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Helping People And Their Animals Live Better Lives

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Why Is My Pet So Itchy?


I’ve had a rash of clients (pun intended!) over the last year who have called me for help with their itchy, unhappy pets. In every case, they’ve already been to their vet and have had tests run to look for the cause of their pet’s unexplained, persistent itching, but they’ve ended up with no clear-cut answers, and they felt stuck.


In some instances, an allergy is already suspected; in others (particularly cats), they might wonder if it’s merely a behavioral issue. In some of the worst cases I’ve seen, the poor dog or cat has scratched so much that they have drawn blood! Then comes a cycle of healing over before re-scratching and starting the process all over again. This understandably creates a lot of stress and worry for pet owners. Creams and medications may be of some help, or sometimes not at all. At any rate, medicated creams or steroids are only treating symptoms, not the root of the problem, and my clients agree with me that it just isn’t a desirable way to treat a pet for the rest of their life.


I’m always interested to get to the actual root causes. I have worked with some pets who are allergic to grass or other environmental factors, but in most cases, the cause is internal — and in my experience, it always comes down to the same thing: the pet’s diet.


I’ve worked with pets that are fully allergic to gluten, or just grains in general. Even pets on a grain-free diet can have a sensitivity, or a more pronounced allergic reaction to certain meats or vegetables. You might be surprised to hear that I’ve also worked with many that are allergic to chicken (even though we tend to think of chicken as a benign, mild meat.)


It’s astonishing to me how varied the sensitivities can be, as it is with humans. When I am working with a pet and am “inside” their body, I very clearly feel the itching, and I can quantify it for my client, for example: “on a scale of one to 10, it feels like a 7 or 8.” So they get a clear idea from me of how bad it actually feels to their pet. Then I start looking into what the specific allergens are.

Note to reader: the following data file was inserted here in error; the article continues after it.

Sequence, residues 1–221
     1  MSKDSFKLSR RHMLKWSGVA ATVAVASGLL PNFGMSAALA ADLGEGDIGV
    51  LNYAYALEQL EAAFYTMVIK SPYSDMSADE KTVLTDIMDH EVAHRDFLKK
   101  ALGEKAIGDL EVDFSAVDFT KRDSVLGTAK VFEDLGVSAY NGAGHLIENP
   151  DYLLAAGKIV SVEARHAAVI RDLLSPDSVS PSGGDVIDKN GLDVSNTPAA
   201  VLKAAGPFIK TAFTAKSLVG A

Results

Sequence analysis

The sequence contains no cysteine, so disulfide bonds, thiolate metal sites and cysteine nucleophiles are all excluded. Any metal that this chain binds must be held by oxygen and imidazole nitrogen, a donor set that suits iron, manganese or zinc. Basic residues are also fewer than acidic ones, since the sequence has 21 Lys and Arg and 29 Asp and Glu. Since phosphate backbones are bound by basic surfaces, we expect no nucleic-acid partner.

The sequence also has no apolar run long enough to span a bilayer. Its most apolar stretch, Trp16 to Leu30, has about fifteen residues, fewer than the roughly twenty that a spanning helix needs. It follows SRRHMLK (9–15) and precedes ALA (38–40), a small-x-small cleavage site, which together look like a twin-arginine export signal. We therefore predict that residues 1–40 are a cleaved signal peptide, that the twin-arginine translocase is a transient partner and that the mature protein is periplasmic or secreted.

Once we’ve eliminated the foods that are problematic for that pet, the itchy skin usually begins resolving itself within a couple of weeks. (Note that it can take longer to fully disappear — the problem has usually been years in the making.) In lots of cases, I also recommend certain supplements, plus other natural products for my clients that can soothe the aggravated skin and speed up healing.


Just as with people, an animal’s health ultimately comes down to their diet. In my experience, the itchiest pets, with the most persistent and recurring scratching behaviors have been the ones who eat a dry diet, aka “kibble.” No matter how organic or healthy the brand is, the fact is that ALL dry pet food is highly processed, and has additives in it as well. I do recommend that instead of kibble, my clients save the “crunchies” as a special treat, not a regular part of the pet’s diet. As for canned food, the most minimally-processed ones are definitely the best. If possible, a raw diet (including freeze-dried raw, which is very convenient) will definitely give you the best results. Even if you can’t/don’t want to go “fully raw”, including some in addition to high-quality canned food will be of benefit.


Recently, I worked with a dog who had been on the same kibble his whole life — 12 years. He had also been frantically itching and scratching — for 12 years! When I asked if he seemed to enjoy this diet, the client told me that “he doesn’t act like he really loves it…I think he just eats it because that’s what’s there.” I then determined which meats, fish and vegetables he was allergic to, and suggested that my client look into switching him over to a raw food diet. She was a bit hesitant at first but felt she had nothing to lose and she really wanted her dog to be more comfortable. So she switched him to a combination of freeze-dried raw and frozen raw from a healthy pet food store. Two weeks later, she told me she was astonished that the dog went absolutely bonkers for the new food — he could not have loved it more! His itching behaviors had already started decreasing quite a bit. And her husband, who had been skeptical regarding animal communication in the first place, pointed out that it must be working because his coat suddenly looked smooth and shiny, where before it had been quite dull. (As a side benefit, he also lost a couple of pounds from the new diet, which took some pressure off of his arthritic joints so he was able to take longer walks again, which he really loved.)


The bottom line is that scratching is not normal, there is always a cause for a pet’s itchy skin, and I am able to offer help on both causes and solutions. If you’d like more information, book a complimentary consult to discuss how I might help your pet stop driving themselves (and you!) crazy with all that scratching.